304. Telegram From the Department of State to the Embassy in Canada1

169. Following message was handed directly to Canadian Embassy here for transmittal to Seaborn by fastest channel. This is for your information only.

“Canadians are urgently asked to have Seaborn during August 10 visit make following points (as having been conveyed to him by US Government since August 6):

Re Tonkin Gulf actions, which almost certainly will come up:
The DRV has stated that Hon Ngu and Hon Me islands were attacked on July 30. It should be noted that the USS Maddox was, all of that day and into the afternoon of the next day, over 100 miles south of those islands, in international waters near the 17th parallel, and that [Page 652] the DRV attack on the Maddox took place on August 2, more than two days later. Neither the Maddox nor any other destroyer was in any way associated with any attack on the DRV islands.
Regarding the August 4 attack by the DRV on the two US destroyers, the Americans were and are at a complete loss to understand the DRV motive. They had decided to absorb the August 2 attack on the grounds that it very well might have been the result of some DRV mistake or miscalculation. The August 4 attack, however—from the determined nature of the attack as indicated by the radar, sonar, and eyewitness evidence both from the ships and from their protecting aircraft—was, in the American eyes, obviously deliberate and planned and ordered in advance. In addition, premeditation was shown by the evidence that the DRV craft were waiting in ambush for the destroyers. The attack did not seem to be in response to any action by the South Vietnamese, nor did it make sense as a tactic to further any diplomatic objective. Since the attack took place at least 60 miles from nearest land, there could have been no question about territorial waters. About the only reasonable hypothesis was that North Viet-Nam was intent either upon making it appear that the United States was a ‘paper tiger’ or upon provoking the United States.
The American response was directed solely to patrol craft and installations acting in direct support of them. As President Johnson stated: ‘our response for the present will be limited and fitting.’2
In view of uncertainty aroused by the deliberate and unprovoked DRV attacks this character, US has necessarily carried out precautionary deployments of additional air power to SVN and Thailand.
Re basic American position:
Mr. Seaborn should again stress that US policy is simply that North Viet-Nam should contain itself and its ambitions within the territory allocated to its administration by the 1954 Geneva Agreements. He should stress that US policy in South Viet-Nam is to preserve the integrity of that State 1s territory against guerrilla subversion.
He should reiterate that the US does not seek military bases in the area and that the US is not seeking to overthrow the Communist regime in Hanoi.
He should repeat that the US is fully aware of the degree to which Hanoi controls and directs the guerrilla action in South Viet-Nam and that the US holds Hanoi directly responsible for that action. He should similarly indicate US awareness of North Vietnamese control over the Pathet Lao movement in Laos and the degree of North Vietnamese involvement in that country. He should specifically indicate US awareness of North Vietnamese violations of Laotian territory along the infiltration route into South Viet-Nam.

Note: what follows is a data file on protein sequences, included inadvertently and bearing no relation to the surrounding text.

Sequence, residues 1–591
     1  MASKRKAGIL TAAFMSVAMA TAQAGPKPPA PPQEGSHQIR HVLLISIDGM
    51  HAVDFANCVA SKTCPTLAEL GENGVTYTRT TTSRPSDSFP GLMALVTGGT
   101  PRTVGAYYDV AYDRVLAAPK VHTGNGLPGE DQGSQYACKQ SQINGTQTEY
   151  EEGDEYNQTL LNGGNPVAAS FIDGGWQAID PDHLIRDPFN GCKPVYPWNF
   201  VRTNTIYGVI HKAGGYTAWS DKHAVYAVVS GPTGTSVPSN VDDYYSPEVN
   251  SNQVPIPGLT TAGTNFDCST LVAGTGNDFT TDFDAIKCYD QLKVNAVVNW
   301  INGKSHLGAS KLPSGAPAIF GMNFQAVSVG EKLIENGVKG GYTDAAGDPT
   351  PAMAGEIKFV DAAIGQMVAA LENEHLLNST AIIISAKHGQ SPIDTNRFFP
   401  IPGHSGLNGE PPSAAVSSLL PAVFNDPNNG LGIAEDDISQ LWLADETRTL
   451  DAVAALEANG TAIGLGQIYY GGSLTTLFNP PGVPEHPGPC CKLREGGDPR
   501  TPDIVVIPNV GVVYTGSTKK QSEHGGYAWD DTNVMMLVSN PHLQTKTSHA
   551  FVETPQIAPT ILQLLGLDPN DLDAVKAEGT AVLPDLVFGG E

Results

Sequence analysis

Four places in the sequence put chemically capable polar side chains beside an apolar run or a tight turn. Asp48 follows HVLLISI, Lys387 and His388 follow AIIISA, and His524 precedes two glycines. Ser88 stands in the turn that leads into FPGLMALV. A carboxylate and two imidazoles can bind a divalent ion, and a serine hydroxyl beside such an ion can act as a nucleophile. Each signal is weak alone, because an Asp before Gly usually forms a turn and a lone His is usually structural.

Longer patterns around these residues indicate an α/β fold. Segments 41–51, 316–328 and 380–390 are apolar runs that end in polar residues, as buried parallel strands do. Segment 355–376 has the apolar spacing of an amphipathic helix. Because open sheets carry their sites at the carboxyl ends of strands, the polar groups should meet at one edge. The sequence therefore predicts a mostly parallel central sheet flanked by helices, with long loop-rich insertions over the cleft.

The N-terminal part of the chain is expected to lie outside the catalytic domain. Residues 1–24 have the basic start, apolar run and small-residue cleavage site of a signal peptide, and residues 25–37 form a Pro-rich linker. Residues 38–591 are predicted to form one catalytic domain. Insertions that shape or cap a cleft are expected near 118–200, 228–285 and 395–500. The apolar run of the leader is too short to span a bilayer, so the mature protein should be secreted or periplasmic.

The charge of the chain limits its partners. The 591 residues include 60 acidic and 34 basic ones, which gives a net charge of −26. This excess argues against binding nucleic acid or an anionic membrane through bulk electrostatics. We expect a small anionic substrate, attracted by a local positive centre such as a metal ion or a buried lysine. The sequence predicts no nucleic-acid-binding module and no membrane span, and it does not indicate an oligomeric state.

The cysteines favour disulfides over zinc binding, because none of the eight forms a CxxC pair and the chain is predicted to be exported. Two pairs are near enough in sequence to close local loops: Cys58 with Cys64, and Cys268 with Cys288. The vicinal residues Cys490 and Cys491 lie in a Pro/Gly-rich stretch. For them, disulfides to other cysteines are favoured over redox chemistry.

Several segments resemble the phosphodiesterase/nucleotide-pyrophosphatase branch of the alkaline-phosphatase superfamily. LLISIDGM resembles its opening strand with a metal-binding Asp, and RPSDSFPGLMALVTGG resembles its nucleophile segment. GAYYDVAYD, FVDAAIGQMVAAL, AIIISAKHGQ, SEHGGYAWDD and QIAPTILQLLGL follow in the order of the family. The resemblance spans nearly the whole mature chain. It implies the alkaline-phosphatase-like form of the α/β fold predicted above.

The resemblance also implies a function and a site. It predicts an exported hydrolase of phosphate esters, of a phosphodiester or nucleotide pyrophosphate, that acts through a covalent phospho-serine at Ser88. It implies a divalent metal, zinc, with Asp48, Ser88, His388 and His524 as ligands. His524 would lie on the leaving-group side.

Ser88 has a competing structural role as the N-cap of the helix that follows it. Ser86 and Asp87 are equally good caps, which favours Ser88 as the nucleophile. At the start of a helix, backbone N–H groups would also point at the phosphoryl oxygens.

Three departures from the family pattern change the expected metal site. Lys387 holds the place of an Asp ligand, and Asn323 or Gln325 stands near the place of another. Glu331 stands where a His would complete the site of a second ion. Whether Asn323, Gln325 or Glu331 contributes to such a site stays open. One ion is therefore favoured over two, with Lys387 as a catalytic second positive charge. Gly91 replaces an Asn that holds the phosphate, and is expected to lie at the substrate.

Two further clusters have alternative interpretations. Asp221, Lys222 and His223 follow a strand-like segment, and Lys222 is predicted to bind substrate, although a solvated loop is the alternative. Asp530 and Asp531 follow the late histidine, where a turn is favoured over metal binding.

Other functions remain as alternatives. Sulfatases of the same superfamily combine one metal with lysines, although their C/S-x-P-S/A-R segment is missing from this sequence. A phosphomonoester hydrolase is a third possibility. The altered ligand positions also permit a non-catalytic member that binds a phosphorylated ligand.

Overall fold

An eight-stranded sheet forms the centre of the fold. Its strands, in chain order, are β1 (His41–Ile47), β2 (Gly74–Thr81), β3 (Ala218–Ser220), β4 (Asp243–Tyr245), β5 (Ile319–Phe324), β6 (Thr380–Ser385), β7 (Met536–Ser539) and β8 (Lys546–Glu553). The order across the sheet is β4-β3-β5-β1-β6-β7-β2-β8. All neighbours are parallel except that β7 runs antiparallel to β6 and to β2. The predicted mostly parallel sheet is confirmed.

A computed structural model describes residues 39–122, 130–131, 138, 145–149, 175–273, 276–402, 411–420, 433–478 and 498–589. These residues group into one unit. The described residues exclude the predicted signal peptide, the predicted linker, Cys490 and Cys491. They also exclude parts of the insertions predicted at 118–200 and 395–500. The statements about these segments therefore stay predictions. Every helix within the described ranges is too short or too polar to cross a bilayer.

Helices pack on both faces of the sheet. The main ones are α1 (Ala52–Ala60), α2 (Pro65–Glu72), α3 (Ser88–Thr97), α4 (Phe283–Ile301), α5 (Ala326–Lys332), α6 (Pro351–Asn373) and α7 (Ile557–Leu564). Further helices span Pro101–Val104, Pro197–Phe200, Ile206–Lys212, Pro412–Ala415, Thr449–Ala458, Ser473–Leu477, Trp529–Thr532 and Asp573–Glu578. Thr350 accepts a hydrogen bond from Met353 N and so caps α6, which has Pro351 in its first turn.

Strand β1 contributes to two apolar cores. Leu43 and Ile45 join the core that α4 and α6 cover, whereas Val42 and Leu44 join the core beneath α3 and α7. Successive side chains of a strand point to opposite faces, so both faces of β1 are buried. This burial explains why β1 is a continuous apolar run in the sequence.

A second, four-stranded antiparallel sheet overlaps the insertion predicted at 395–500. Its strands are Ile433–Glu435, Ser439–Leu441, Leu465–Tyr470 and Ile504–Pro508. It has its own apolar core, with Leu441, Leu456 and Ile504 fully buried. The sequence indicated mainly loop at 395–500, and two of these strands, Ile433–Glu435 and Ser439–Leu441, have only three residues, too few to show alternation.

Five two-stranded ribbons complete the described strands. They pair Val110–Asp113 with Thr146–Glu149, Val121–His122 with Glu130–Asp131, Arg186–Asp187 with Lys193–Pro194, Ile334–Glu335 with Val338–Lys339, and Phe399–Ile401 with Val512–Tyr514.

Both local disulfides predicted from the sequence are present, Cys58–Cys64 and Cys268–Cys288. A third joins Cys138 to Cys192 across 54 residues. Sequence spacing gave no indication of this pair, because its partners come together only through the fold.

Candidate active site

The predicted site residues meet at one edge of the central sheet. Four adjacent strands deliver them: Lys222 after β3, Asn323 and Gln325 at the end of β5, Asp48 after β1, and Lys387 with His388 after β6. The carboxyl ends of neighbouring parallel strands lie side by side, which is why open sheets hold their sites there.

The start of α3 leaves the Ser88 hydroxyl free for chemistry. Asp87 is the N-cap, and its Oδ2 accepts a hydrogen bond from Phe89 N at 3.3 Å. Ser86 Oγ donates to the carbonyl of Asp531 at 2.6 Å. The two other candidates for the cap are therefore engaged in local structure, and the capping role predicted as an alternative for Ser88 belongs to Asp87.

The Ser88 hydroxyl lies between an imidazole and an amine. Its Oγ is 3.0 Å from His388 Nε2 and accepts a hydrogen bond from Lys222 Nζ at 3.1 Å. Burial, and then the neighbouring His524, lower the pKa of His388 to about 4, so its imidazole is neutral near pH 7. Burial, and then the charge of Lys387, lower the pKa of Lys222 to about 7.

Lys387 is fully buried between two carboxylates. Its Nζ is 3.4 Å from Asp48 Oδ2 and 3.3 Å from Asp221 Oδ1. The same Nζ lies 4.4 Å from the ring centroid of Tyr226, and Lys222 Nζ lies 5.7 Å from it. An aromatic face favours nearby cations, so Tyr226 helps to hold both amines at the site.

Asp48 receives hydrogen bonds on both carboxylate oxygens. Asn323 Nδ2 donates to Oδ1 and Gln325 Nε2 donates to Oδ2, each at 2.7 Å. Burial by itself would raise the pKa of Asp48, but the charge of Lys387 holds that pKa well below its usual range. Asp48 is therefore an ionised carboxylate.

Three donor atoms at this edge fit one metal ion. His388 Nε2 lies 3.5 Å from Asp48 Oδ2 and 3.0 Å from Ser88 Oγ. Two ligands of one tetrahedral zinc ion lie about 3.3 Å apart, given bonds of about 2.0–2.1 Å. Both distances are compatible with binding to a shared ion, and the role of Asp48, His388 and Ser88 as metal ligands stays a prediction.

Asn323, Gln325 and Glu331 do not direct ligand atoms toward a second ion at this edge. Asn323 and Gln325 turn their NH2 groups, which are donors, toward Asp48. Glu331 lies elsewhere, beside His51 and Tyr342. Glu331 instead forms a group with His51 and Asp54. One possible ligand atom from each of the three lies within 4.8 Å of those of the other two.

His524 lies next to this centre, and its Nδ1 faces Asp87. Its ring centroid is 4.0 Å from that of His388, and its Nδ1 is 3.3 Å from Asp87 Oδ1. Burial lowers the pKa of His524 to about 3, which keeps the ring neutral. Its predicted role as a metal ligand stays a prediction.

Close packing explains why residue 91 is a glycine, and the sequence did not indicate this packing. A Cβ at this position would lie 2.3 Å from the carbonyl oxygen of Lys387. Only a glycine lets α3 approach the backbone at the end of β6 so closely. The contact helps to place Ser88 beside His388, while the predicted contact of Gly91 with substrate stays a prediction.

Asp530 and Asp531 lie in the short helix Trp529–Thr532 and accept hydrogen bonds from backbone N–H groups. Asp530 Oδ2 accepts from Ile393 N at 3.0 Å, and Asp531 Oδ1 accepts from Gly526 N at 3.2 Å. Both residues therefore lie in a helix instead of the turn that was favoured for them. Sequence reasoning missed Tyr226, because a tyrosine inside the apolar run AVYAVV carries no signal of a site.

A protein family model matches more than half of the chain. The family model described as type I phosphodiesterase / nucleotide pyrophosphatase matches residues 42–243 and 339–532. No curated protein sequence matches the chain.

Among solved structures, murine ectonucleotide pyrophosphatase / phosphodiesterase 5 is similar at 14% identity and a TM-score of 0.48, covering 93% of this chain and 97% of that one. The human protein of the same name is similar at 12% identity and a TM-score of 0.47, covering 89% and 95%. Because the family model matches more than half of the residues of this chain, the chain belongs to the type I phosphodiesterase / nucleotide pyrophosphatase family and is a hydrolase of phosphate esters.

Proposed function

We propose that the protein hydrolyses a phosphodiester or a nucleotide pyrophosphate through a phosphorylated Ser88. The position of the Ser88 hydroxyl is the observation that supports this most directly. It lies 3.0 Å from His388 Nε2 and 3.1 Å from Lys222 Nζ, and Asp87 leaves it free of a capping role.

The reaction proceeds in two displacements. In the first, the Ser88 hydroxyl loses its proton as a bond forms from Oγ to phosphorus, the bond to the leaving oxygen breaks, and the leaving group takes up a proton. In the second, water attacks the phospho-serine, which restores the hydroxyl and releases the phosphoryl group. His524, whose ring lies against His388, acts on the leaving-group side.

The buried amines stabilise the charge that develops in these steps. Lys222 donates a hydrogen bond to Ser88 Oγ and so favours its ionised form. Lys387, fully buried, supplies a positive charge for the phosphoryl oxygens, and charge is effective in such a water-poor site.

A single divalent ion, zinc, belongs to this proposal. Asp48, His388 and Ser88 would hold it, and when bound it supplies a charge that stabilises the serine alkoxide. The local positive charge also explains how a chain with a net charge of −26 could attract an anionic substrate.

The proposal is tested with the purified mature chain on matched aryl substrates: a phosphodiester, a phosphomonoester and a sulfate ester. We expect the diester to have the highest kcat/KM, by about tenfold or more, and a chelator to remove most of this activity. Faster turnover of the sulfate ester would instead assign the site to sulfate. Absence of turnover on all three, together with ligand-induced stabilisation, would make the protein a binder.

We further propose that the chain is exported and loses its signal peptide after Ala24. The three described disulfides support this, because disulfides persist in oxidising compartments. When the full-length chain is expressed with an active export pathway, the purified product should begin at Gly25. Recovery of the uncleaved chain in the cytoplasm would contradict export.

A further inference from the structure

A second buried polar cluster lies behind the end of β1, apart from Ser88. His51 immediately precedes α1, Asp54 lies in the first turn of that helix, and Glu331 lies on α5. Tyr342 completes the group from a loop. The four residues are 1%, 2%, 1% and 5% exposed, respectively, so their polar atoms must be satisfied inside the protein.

Mr. Seaborn can again refer to the many examples of US policy in tolerance of peaceful coexistence with Communist regimes, such as Yugoslavia, Poland, etc. He can hint at the economic and other benefits which have accrued to those countries because their policy of Communism has confined itself to the development of their own national territories and has not sought to expand into other areas.
Mr. Seaborn should conclude with the following new points:
That the events of the past few days should add credibility to the statement made last time, that ‘US public and official patience with the North Vietnamese aggression is growing extremely thin.’3
That the US Congressional Resolution4 was passed with near unanimity, strongly re-affirming the unity and determination of the US Government and people not only with respect to any further attacks on US military forces but more broadly to continue to oppose firmly, by all necessary means, DRV efforts to subvert and conquer South Viet-Nam and Laos.
That the US has come to the view that the DRV role in South Viet-Nam and Laos is critical. If the DRV persists in its present course, it can expect to continue to suffer the consequences.
That the DRV knows what it must do if the peace is to be restored.
That the US has ways and means of measuring the DRY’s participation in, and direction and control of, the war in South Viet-Nam and in Laos and will be carefully watching the DRY’s response to what Mr. Seaborn is telling them.”5

  1. Source: Department of State, Central Files, POL 27 VIET S. Top Secret; Immediate; Exdis. Drafted by William Bundy and cleared in draft with McNamara, Ball, and McGeorge Bundy. Also sent to Saigon. The message and a McNaughton draft of it, dated August 7, are printed in Pentagon Papers: Gravel Edition, vol. III, pp. 519–522.
  2. See Document 286.
  3. Regarding Seaborn’s approach to North Vietnam in June, see Document 222.
  4. See Document 308.
  5. Seaborn met with Prime Minister Pham Van Dong on August 12 at Hanoi and conveyed the U.S. message with the exception of final points d and e. Seaborn reported that the Prime Minister became “very angry,” and warned that the United States was escalating the war. Seaborn concluded that despite the meeting he was still little wiser as to the motivations for the attacks on August 2 and 4. (Candel 419, August 15; Johnson Library. National Security File, Vietnam Country File, Vol. 15, Cables)